One of the defining problems for evangelicals under age 35 is with our language. And these problems are particularly pernicious because muddy language has a way of reinforcing other problems. George Orwell made the point well when he said that “A man may take to drink because he feels himself to be a failure, and then fail all the more completely because he drinks. It is rather the same thing happening to the English language. It becomes ugly and inaccurate because our thoughts are foolish, but the slovenliness of our language makes it easier for us to have foolish thoughts.”
In other words, muddy language doesn’t just have an immediate harmful effect on us, but it also reinforces other dangerous tendencies in our thinking, sometimes in the most ironic of ways. One of the most notable problems with our language–and this applies to younger Christians as well as the culture more broadly–is that our language defaults to clinical, technical language even when that sort of talk is not called for. George Carlin made the point better than anyone else in his fine speech to the National Press Club:
The example Carlin used, of how what was once “Shell Shock” became “Battle Fatigue” and then “Operational Exhaustion” (“sounds like something that happens to your car,” says Carlin) and finally “Post-Traumatic Stress Disorder” is apt, but others apply as well. And they are littered throughout The New Parish. The office of “pastor,” an agrarian term that implies leadership, protection, and nurturing, has been replaced by “social entrepreneur,” a business term that implies production, management, creativity and, in the act of starting something new, largely cutting oneself off from the past. “Church planters,” another pastoral term that suggests a long-term work that requires time and patience, has been replaced by “missional innovator,” a term that sounds like something stolen from Silicon Valley and which emphasizes, again, creativity and a certain severing of oneself from the past.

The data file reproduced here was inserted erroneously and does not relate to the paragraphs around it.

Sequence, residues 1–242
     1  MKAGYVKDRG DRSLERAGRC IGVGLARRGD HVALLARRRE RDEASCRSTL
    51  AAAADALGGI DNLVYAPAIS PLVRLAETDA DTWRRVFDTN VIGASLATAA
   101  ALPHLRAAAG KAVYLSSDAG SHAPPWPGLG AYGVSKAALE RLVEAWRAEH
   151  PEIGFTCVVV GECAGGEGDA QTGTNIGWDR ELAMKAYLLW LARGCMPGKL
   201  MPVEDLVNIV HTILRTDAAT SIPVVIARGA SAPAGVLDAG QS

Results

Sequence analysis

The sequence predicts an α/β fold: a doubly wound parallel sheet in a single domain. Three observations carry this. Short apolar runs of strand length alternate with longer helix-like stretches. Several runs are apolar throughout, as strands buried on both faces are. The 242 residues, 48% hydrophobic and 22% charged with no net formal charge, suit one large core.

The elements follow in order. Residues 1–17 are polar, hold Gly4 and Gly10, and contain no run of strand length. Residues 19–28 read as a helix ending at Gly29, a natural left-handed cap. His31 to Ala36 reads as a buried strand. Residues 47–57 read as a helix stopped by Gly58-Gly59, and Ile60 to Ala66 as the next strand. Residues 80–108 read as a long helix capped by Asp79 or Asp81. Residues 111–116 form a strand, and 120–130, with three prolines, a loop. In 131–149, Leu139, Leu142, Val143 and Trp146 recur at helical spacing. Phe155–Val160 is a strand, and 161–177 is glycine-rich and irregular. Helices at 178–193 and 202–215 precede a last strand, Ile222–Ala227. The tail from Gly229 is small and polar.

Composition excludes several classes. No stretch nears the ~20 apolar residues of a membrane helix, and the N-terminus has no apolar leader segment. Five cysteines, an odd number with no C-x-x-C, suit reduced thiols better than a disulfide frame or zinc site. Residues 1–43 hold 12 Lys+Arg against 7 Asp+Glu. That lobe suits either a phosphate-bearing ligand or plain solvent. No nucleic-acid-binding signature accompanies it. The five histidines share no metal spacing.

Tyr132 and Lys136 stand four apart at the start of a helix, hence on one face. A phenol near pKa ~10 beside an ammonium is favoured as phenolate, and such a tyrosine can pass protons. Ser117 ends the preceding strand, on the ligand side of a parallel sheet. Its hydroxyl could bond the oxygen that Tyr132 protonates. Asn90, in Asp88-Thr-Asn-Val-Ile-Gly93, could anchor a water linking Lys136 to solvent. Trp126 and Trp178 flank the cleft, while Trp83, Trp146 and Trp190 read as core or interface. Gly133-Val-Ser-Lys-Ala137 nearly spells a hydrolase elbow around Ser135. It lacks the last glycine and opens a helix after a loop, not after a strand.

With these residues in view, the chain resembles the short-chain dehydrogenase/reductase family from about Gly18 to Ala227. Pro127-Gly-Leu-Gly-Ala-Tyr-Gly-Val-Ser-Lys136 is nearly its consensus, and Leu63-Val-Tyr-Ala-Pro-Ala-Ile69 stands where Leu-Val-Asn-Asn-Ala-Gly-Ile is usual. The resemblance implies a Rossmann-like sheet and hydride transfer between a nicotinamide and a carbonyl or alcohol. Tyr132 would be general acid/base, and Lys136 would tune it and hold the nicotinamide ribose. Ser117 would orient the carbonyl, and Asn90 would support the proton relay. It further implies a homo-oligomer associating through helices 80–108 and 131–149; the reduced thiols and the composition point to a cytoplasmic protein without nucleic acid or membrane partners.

To be fair, online mini-biographies may be a poor place to begin a critique of the language these authors have consistently used. As anyone who has read even one “about” page on an author website knows, these pages are nearly always tedious press releases meant primarily to grow one’s online “brand.” Using the sort of elaborate, impressive-sounding language of the technocratic elite is, to use their own phrase, a feature rather than a bug.
But I begin with those pages because the tone of those pages is indicative of how these writers often talk. Most of the problems with this sort of talk should be apparent to anyone who has read Orwell’s essay linked above and don’t need to be repeated here. It all sounds very impressive until you actually try to figure out what any of it actuallymeans.
If you need another example, you won’t do better than reading CS Lewis’s lampooning of business speak in That Hideous Strength which is one of the few places where we see Lewis’s potent powers as a satirist in all their glory. But there’s a further issue unique to a book written in this style that is focused around questions of Christian piety and church life.